Category Archives: Books

Calling People Names

In The Nun’s Priest’s Tale, the widow has a sheep named Molly. Made me wonder whether Molly of cloning fame was Christened in honour of her Chaucerian namesake. Like my Basildon-mouthed sister-in-law, who names her cats after characters in literature. It’s not an … Continue reading

Posted in Books | Leave a comment

Listless in Translation

Today, I read The Tale of Sir Topaz, told by Chaucer’s implied narrator, who in an ironic turn, is a hilariously shite storyteller. After the host interjects and compares his rhyming to a turd, Chaucer’s persona recounts The Tale of Melibee, which … Continue reading

Posted in Books | Leave a comment

Chaucering On

I’ve read and reread two more of Chaucer’s tales today: The Shipman’s Tale and The Prioress’s Tale. The first concerns a businessman, his unnamed wife, and St. John the Monk, who become embroiled in an amusing financial and sexual ménage-a-trois … Continue reading

Posted in Books | Leave a comment

Three in One, No, Make it Five

It’s been tough building a reading guide, but I’ve finally settled on 5 categories drawn from the 10 modules of the licentiate, such that I will now spend each morning reading three texts, one of which – the literary text — I’ll … Continue reading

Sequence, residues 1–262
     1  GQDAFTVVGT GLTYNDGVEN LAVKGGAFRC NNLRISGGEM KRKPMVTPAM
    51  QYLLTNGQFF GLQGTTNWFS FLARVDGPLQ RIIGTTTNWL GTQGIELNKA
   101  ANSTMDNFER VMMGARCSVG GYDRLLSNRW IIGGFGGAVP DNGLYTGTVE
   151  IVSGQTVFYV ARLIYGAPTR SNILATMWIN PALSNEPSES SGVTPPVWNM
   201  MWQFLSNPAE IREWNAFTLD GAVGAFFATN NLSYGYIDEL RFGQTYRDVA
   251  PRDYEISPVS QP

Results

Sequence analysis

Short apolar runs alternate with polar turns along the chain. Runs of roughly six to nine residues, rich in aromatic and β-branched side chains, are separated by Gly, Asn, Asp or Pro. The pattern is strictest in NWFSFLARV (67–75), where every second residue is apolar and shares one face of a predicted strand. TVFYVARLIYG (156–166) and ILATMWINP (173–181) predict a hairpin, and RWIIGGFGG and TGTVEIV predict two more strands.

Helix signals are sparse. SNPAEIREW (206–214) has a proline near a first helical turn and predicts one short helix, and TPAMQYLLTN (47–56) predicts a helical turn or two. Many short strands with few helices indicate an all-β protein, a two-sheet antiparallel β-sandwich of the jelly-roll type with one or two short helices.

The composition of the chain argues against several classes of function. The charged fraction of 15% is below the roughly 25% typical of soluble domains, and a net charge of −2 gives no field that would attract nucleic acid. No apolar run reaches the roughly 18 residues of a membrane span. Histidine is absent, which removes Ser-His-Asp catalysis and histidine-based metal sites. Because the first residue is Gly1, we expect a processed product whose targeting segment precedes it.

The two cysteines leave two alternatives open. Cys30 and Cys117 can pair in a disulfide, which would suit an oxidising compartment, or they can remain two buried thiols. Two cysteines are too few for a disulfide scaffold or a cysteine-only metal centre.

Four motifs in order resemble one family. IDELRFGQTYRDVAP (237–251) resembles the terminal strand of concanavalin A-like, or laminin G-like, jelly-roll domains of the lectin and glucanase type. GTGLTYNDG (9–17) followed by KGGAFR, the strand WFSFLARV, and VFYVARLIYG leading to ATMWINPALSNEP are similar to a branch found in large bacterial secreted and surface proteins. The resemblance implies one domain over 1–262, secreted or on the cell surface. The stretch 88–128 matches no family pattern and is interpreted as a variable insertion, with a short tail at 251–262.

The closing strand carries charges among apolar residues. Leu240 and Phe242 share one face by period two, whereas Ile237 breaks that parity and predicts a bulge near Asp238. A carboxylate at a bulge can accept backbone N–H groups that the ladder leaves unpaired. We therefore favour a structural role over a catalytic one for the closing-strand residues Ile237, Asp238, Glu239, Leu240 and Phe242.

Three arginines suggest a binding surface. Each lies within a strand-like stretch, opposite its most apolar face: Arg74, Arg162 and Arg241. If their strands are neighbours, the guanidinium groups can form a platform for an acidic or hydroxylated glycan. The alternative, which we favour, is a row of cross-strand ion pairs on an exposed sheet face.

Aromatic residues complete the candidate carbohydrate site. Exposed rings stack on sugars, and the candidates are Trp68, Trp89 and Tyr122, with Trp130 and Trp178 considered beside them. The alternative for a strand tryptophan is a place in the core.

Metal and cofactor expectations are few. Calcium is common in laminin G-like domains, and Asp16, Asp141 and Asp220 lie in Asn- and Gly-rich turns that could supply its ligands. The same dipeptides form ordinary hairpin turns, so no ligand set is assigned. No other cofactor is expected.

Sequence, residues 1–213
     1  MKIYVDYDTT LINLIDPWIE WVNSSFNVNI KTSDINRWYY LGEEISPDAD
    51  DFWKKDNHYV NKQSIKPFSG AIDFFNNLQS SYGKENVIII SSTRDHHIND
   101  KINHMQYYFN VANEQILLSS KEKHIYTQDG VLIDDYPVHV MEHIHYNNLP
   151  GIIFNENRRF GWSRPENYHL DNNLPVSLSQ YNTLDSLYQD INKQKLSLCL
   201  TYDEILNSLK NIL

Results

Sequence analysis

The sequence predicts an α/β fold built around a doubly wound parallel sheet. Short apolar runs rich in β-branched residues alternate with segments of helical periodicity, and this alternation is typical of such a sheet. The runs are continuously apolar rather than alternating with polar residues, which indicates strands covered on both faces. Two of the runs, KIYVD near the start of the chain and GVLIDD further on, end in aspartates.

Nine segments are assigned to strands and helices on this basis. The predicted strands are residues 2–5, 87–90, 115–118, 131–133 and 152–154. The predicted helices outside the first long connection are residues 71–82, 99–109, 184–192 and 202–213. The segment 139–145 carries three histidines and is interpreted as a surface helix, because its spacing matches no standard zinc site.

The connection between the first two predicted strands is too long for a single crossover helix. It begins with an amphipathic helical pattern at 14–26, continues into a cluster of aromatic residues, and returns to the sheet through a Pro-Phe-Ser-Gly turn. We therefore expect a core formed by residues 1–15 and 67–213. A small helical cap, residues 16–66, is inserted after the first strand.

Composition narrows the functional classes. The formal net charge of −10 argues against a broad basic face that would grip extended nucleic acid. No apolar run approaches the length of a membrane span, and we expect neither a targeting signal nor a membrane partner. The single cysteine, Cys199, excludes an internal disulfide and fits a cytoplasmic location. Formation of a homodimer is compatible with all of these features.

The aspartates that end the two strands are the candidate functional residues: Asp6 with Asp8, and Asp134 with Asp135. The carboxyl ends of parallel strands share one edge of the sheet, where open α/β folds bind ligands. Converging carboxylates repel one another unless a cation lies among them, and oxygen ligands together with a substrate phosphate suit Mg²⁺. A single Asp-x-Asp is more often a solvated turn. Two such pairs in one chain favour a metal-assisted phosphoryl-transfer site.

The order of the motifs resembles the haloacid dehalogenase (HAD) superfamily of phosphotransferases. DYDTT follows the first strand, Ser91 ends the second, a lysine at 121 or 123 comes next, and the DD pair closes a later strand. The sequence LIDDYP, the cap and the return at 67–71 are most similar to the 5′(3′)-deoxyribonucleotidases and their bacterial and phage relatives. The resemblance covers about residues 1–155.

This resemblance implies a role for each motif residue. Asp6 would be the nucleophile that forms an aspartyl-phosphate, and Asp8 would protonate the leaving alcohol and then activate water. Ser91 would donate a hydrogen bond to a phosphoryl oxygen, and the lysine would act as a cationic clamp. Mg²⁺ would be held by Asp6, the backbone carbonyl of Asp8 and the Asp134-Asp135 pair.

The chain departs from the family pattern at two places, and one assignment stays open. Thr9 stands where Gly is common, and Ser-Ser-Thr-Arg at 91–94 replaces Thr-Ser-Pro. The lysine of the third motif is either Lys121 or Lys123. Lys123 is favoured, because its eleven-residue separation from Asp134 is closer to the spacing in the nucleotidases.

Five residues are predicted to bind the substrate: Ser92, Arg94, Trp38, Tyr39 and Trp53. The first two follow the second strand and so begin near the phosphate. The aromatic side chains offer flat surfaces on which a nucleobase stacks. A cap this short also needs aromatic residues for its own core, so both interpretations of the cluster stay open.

Posted in Books, Licentiate | Leave a comment

Preliminary Stumbles

I’m using my journal to help organise myself into a student and writer. Read books and write journal in morning, work on novel in afternoon: That’s the plan. But what with my laptop still not fully set up and workman … Continue reading

Posted in Books | Leave a comment

Running at Slow Pelt

I finished part 3 of the Knight’s Tale this morning, with Palamon’s prayers to Venus, and Emily’s devotions to Diana, and Arcite’s pleas to Mars, ending with Saturn’s intervention. Are the descriptions of the three shrines intended to be over-elaborate? … Continue reading

Posted in Books | Leave a comment

General Prologue

Yesterday, I started reading Kirkpatrick’s translation of Dante’s Inferno. ‘I don’t want to read the whole of his Divine Comedy,’ I joked to the salesperson in Waterstones. ‘Just the gothic bits.’ Divina Commedia is a classic of world literature, esteemed … Continue reading

Posted in Books | Leave a comment